Christmas wreaths and greenery hanging in store.

Inside: A hopefully gentle reminder that there are Christmas traditions that might not be so great for your sanity or the planet, and permission to skip whatever you don’t want to – or simply can’t – do this year.

I rarely go on Tiktok these days. There’s the anxiety about the state of, well, pretty much everything, and then there’s the fact that my For You page right now looks eerily like the Home Shopping Network.

But for the brief five minutes I happened to stay on the app yesterday, I stumbled across a controversial Christmas decorating video. 

I dove down the comments rabbit hole, and landed on an apparently massively popular Tiktok account with millions of followers.

And million follower’s latest video? Shopping at Target for new Christmas decorations. 

Her bill? Over $400. FOUR HUNDRED DOLLARS.

My jaw dropped at that total. We’re spending close to $500 on Christmas decor these days? Every single year?!

“It’s the most wonderful time of the year….”

When Christmas traditions like buying new decor every single year are breaking our Christmas budgets before we buy a single gift.

Christmas ornament sets in store marked $15 next to a decorated Christmas tree.

7 Christmas Traditions You Might Want to Skip This Year

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While there’s nothing wrong with adding something to your Christmas decoration collection every so often, buying a whole new set of decorations for your tree and your home every year seems…excessive.

Lately, it seems like there are so many holiday traditions that require us to buy more, more, more. 

The Christmas pressure on parents used to be only about buying gifts. Now it’s things like….

  • Holiday cards with the perfect family photo, and 
  • Advent calendars, and
  • That horrid Elf on the Shelf, and…. 

You get the point: every year there’s something being added to the list of things we need to buy and do to make Christmas even MORE special. 

I’m certain all of these added traditions also means more holiday debt to pay off come January, and it definitely comes with added stress during the holidays.

And when traditions are hurting you far more than they are serving you, it’s time to seriously consider giving them up – for the sake of our bank accounts, our sanity, our homes and the planet.

Here are a few traditions that might need to go…

1. New Christmas Decorations Every Year 

I understand replacing broken Christmas lights and adding the occasional ornament to your collection, but buying shopping cart loads of new decor every year can’t possibly be good for the planet.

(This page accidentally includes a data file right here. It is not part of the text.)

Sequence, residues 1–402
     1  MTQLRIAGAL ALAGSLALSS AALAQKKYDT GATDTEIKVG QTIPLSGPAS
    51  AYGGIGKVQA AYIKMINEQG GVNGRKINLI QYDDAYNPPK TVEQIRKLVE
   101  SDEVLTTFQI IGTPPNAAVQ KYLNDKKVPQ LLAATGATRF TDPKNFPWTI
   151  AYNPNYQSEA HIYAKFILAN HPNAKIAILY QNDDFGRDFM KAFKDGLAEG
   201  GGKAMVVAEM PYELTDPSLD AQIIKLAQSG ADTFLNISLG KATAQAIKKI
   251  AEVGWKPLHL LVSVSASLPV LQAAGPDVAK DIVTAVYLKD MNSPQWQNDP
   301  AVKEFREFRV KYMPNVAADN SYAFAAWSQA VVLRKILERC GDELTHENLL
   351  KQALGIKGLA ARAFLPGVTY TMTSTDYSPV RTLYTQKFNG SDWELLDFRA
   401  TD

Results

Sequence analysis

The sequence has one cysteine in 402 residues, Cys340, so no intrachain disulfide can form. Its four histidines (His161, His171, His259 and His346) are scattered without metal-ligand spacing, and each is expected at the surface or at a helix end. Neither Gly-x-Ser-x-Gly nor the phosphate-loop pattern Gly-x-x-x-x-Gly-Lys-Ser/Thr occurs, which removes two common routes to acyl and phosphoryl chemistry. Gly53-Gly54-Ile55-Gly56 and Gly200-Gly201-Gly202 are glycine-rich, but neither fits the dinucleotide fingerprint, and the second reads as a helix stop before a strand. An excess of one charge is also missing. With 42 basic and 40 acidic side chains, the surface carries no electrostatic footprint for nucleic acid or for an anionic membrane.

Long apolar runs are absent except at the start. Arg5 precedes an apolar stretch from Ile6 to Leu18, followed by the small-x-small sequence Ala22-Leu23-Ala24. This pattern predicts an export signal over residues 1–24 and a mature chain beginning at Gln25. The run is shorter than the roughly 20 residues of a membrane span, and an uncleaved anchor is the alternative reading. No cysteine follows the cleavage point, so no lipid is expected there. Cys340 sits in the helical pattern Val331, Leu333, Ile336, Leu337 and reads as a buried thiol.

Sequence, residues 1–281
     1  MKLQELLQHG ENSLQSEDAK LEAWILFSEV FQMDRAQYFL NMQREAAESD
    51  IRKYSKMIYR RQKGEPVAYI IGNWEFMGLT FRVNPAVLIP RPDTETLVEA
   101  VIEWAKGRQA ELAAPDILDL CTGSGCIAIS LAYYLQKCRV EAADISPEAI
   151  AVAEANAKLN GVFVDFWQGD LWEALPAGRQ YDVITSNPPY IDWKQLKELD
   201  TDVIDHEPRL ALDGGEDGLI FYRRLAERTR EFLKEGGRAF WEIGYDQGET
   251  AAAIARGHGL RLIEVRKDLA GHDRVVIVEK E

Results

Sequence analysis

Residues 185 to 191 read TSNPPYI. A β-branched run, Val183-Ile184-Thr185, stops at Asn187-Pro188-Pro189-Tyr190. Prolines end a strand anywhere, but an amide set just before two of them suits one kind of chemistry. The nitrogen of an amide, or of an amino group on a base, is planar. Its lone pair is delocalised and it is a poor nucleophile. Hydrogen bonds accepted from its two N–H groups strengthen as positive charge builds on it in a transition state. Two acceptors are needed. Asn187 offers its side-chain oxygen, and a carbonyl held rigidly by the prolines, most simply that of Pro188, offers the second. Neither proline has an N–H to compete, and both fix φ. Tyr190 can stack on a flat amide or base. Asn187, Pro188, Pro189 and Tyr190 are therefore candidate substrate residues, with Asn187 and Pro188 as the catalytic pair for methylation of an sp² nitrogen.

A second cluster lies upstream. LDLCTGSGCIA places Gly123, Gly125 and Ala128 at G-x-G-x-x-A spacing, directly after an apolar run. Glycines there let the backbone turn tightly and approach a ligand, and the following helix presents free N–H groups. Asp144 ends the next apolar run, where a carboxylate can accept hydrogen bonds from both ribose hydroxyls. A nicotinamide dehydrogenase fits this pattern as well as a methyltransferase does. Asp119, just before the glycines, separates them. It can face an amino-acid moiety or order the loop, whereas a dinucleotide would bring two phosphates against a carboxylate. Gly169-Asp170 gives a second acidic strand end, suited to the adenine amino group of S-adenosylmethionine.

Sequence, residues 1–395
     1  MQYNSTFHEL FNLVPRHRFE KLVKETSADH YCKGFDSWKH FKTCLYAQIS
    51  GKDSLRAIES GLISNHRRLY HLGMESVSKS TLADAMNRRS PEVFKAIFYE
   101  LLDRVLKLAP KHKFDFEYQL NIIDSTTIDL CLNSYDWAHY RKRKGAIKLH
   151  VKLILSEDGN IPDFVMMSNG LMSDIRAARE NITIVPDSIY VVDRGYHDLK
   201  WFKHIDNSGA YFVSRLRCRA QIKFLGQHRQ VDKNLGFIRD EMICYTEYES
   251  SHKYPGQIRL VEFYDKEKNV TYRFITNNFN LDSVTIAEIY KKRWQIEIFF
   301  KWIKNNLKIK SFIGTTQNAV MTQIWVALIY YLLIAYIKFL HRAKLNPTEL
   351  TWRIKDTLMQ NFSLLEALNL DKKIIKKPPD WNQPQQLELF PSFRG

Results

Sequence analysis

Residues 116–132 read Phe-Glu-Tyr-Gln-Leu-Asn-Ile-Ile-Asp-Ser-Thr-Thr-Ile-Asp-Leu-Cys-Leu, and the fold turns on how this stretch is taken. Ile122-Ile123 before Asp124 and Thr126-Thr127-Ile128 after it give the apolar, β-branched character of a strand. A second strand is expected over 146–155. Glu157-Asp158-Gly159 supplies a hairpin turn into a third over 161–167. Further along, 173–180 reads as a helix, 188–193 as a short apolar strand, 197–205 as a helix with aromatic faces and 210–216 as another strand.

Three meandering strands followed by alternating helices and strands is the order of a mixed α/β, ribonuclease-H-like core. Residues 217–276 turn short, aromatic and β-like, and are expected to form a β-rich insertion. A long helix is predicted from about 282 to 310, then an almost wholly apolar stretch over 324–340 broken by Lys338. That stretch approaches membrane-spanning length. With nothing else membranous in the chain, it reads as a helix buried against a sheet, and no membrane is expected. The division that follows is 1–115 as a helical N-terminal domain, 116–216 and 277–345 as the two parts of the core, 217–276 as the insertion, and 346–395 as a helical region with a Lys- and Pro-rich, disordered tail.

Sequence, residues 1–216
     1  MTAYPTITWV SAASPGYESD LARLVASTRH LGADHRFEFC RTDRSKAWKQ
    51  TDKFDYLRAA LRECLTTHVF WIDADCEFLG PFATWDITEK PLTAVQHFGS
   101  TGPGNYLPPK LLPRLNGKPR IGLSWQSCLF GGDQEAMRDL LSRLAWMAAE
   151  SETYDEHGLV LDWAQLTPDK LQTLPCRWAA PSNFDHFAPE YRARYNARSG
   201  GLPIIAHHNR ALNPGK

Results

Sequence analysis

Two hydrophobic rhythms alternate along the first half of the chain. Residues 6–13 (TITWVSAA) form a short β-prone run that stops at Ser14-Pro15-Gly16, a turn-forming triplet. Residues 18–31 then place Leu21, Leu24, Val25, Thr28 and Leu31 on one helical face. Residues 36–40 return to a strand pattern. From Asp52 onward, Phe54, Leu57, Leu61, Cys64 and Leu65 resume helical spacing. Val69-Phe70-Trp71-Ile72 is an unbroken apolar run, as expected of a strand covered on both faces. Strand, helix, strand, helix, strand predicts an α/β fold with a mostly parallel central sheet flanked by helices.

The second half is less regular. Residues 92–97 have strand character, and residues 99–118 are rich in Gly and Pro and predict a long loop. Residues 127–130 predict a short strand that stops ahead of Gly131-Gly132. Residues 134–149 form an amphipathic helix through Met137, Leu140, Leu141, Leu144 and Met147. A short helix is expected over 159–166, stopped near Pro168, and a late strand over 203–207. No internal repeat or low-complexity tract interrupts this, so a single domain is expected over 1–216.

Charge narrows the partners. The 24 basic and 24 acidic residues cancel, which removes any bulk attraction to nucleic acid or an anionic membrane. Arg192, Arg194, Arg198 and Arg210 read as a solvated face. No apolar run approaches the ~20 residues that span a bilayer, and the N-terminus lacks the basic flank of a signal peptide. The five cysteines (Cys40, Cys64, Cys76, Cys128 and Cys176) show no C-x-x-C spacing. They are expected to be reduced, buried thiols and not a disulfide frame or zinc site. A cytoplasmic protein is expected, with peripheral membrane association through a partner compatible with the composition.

Do you really need to come up with a new Christmas tree decor theme every year? Or new sideboard display? Or add to our lawn ornament collection? 

Could you mix and match the decor you already have to create a new-to-you look?

Can you bring in natural elements like holly or garland or make popcorn cranberry garlands instead?

These are just a few ideas to help you wrap your head around stopping this tradition if it’s been a holiday staple for years. 

Alternative Tradition Idea: Start an annual holiday decorations exchange with your friends, where you can only take home the same number of items you bring (ideally less!). OR, shop thrift stores exclusively for new Christmas decor.

Related: 3 Simple Steps to Decorate for a Minimalist Christmas

2. Holiday Cards

This one might hit hard. I, too, have loved being on the receiving end of Christmas cards over the years.

But it turns out that Christmas cards can have a sizable environmental impact.

“The U.S. mails around 1.3 billion holiday cards a year—the same amount of CO2 emissions as charging 22 billion smartphones or 22,000 homes’ energy use for one year” (source). Christmas cards are also notoriously difficult to recycle.

So do we really need to send holiday cards every year to people we haven’t talked to in over a year? Or years? Isn’t seeing the annual family photo kind of what social media is for?

Alternative Tradition Idea: If you still love the idea of keeping people updated on your family once a year, ask for the email addresses of anyone who wants to get your annual emails and send a mass email with your holiday letter once a year around the holidays. 

3. Christmas Pajamas for the Whole Family

Every year I see holiday photos of matching Christmas pajamas, and I just think to myself: that’s a WHOLE lotta holiday pajamas!

Personally, I’ve never been a big fan of matching pajamas, or pajamas at all. Even when Marie Kondo told me that everyone deserves a pair of nice pajamas, I said, “Nope, I’m not doing it.” 

I’ll stick with my comfy sweats, t-shirts and sweatshirts in cold weather and pajama shorts and t-shirts in the summer.

Unless this tradition is genuinely adding needed pajamas to your family’s wardrobes, maybe we don’t need $100 worth of new pajamas every year just for a fun holiday photo? 

Alternative Tradition Idea: Can we all go back to taking a nice family photo in front of the Christmas tree? Anyone?

4. Non-Consumable Advent Calendars 

Non-consumable advent calendars seem to be soaring in popularity today!

From LEGO’s advent calendar that sells out before December each year, to new ones like the Bluey advent calendar, these sets come with 24 new little trinkets ON TOP of stocking stuffers and gifts.

My non-minimalist husband insisted on doing an advent calendar last year. I told him I’d give it a try. 

While half of the days were filled with candy, the other half contained things that either broke in a day or weren’t touched all year long.